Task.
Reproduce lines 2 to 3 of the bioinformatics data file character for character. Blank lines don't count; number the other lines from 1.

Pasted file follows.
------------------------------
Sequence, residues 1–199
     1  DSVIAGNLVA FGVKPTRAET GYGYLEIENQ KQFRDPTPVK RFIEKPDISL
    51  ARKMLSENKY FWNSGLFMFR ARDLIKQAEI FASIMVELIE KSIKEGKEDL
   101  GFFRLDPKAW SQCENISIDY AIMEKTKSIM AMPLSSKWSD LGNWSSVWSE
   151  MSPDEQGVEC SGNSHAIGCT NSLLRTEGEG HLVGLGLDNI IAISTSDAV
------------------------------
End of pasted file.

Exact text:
     1  DSVIAGNLVA FGVKPTRAET GYGYLEIENQ KQFRDPTPVK RFIEKPDISL
    51  ARKMLSENKY FWNSGLFMFR ARDLIKQAEI FASIMVELIE KSIKEGKEDL